Prediabetes / Prevention


Before people develop type 2 diabetes, they almost always have "prediabetes"—blood glucose levels that are higher than normal but not yet high enough to be diagnosed as diabetes. Type 2 diabetes is a progressive condition, and a person’s glucose could have been elevated for years by the time he or she is diagnosed. In fact, according to the Centers for Disease Control, 86 million Americans—more than one out of three—have prediabetes.

Unfortunately, 9 out of 10 people with prediabetes don’t even know they have it, according to the Centers for Disease Control and Prevention (CDC). This is especially unfortunate because without lifestyle changes, 15 percent to 30 percent of people with prediabetes will develop type 2 diabetes within five years.What’s more, prediabetes correlates with an increased risk of developing cardiovascular disease, the leading cause of death in the U.S.

Taught by our team of experts, our Diabetes Prevention Program can help you learn what steps you can take to prevent prediabetes from developing into type 2 diabetes. Take our Diabetes Risk Assessment to find out if you are at risk!

Getting Tested

These tests are used to determine whether a person has prediabetes:

  • Fasting Blood Glucose Test
    The fasting blood glucose test measures blood glucose after a period of fasting, usually in the morning. If the glucose is between 100 and 125, the diagnosis is impaired fasting glucose (IFG), or prediabetes.
  • Oral Glucose Tolerance Test (OGT)
    The oral glucose tolerance (OGT) test measures the blood glucose level during fasting and again two hours after the ingestion of a glucose drink. If the fasting blood glucose is in the normal range but the glucose level is high after the sugary drink, the diagnosis is impaired glucose tolerance (IGT), or prediabetes.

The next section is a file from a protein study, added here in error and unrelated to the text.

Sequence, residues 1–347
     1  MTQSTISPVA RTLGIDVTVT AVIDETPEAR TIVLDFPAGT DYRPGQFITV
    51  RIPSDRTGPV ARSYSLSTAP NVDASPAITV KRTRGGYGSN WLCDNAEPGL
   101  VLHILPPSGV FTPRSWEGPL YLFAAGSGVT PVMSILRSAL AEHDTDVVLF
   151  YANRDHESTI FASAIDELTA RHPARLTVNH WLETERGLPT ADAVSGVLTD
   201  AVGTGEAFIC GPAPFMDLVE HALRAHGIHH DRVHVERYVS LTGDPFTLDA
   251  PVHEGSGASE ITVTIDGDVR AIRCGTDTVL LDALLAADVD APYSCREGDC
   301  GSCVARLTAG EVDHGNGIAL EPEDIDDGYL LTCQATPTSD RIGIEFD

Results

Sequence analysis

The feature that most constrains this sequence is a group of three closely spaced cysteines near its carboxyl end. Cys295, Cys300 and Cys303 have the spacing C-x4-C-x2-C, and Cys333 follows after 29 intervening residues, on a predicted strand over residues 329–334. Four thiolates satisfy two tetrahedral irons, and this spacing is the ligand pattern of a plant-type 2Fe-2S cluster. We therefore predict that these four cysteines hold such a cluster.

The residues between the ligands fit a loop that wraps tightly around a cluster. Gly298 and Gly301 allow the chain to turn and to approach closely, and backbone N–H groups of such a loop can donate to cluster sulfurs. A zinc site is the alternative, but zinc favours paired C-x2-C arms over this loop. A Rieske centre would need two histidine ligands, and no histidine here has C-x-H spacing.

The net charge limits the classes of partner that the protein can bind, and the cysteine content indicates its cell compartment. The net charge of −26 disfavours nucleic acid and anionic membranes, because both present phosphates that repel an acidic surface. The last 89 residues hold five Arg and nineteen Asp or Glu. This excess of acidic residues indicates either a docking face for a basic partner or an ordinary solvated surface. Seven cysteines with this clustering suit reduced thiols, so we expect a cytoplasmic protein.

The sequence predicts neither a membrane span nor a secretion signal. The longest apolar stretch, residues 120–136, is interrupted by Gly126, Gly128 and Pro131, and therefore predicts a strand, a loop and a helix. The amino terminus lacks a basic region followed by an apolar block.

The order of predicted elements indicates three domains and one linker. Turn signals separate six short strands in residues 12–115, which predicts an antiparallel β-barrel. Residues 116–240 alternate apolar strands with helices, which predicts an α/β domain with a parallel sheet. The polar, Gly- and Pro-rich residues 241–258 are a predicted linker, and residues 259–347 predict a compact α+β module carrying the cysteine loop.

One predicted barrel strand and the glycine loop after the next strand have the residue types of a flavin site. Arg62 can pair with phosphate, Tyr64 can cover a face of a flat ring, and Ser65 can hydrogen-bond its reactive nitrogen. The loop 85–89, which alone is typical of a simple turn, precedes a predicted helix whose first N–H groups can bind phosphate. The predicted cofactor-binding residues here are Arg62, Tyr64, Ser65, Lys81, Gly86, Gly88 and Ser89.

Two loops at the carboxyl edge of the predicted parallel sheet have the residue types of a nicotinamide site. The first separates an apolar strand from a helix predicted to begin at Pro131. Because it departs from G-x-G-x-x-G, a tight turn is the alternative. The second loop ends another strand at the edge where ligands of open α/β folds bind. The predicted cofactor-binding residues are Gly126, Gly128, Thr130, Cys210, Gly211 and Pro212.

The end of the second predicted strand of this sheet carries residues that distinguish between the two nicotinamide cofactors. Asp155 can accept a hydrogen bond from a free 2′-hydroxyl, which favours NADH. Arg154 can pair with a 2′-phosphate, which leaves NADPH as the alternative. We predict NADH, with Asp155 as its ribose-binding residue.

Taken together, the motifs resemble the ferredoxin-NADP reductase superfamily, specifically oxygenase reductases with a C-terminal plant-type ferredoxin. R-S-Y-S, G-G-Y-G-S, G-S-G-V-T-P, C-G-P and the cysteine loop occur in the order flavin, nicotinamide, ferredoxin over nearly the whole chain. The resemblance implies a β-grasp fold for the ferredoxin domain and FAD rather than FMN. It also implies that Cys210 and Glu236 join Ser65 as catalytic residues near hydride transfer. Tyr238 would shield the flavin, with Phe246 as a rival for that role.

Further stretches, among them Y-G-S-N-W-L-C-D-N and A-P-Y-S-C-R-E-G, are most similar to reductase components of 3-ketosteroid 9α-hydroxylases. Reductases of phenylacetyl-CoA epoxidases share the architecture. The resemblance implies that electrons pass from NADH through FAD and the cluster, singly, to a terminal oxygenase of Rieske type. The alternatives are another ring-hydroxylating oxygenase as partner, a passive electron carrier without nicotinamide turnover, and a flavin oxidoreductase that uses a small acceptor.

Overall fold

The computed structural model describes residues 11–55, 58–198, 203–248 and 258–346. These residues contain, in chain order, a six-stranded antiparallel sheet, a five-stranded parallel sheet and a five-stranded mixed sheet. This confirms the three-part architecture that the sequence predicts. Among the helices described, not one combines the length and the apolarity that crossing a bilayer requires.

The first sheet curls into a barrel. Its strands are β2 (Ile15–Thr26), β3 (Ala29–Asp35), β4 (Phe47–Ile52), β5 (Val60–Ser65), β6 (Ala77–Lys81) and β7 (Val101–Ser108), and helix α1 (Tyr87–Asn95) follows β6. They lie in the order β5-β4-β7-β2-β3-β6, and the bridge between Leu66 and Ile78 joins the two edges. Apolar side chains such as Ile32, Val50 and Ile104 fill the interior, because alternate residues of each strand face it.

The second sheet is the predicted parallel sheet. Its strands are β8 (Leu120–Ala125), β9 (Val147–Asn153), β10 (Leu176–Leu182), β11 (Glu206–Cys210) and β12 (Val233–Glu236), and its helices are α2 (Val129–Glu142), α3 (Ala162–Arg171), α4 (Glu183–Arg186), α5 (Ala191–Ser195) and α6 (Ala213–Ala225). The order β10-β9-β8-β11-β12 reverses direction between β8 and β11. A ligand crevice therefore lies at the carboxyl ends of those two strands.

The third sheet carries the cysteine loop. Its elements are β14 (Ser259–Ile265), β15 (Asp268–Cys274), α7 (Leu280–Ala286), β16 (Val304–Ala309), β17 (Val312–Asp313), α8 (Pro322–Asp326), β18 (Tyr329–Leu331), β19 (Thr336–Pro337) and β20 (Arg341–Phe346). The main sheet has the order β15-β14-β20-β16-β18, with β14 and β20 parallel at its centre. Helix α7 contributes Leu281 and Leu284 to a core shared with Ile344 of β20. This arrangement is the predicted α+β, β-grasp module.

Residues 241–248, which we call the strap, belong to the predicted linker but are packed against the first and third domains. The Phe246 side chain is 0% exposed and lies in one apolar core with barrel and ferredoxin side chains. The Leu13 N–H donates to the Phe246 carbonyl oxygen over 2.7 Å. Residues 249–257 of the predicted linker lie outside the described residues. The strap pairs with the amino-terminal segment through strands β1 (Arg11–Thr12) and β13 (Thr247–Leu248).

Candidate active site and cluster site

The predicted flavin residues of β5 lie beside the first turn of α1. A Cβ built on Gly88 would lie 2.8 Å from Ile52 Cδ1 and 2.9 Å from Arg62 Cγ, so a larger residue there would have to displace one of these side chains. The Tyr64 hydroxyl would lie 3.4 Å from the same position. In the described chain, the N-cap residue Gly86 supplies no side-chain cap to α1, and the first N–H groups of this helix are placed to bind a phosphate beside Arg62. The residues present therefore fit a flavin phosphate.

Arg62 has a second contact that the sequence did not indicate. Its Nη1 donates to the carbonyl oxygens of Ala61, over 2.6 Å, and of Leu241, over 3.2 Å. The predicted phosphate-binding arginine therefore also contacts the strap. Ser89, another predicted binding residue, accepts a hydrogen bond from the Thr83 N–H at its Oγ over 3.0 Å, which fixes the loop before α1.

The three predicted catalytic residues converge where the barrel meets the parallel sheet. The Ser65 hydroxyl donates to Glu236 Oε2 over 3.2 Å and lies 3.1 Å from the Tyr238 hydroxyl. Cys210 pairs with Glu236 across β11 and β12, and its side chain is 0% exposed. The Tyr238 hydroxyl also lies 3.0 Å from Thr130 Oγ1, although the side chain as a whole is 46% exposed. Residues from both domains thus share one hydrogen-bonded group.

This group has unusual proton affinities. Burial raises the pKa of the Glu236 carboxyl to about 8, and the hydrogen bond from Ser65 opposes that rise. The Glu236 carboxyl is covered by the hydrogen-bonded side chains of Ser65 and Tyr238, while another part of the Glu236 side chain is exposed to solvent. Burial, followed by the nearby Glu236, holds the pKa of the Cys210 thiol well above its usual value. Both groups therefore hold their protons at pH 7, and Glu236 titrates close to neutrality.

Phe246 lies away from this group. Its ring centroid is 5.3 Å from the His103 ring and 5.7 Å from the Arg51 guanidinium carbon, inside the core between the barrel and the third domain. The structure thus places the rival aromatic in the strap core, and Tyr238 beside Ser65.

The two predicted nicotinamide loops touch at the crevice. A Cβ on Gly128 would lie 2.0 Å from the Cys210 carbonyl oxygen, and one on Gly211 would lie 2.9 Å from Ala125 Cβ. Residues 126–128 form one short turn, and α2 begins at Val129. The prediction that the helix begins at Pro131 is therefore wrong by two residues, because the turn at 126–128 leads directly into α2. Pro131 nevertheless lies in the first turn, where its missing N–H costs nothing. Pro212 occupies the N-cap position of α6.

• A1C Test
    The A1C test is first used to diagnose both prediabetes and type 1 and type 2 diabetes. Once a person has been diagnosed, their doctor will periodically prescribe an A1C test to determine how well they are managing their diabetes. This blood test provides information about a person’s average blood glucose levels over the three months just prior to testing. An A1C test result is reported as a percentage: a normal A1C level is below 5.7 percent. Anything above that number is an indication that blood glucose has been elevated over time: 5.7­–6.4 is considered to be prediabetes; 6.5 and above indicates diabetes.

Prediabetes by the Numbers

The numbers below are indicative of prediabetes:

  • An A1C of 5.7–6.4 percent
  • Fasting blood glucose of 100–125 mg/dl
  • An oral glucose tolerance (OGT) test of two-hour blood glucose or a random blood glucose of 140 mg/dl–199 mg/dl

Risk Factors for Diabetes and Prediabetes

According to an important national clinical trial known as the Diabetes Prevention Program (DPP), the risk factors for prediabetes are the same as those for diabetes:

  • Weight
    The more overweight you are, the more resistant your cells become to insulin. Ask your doctor what a healthy weight for you would be.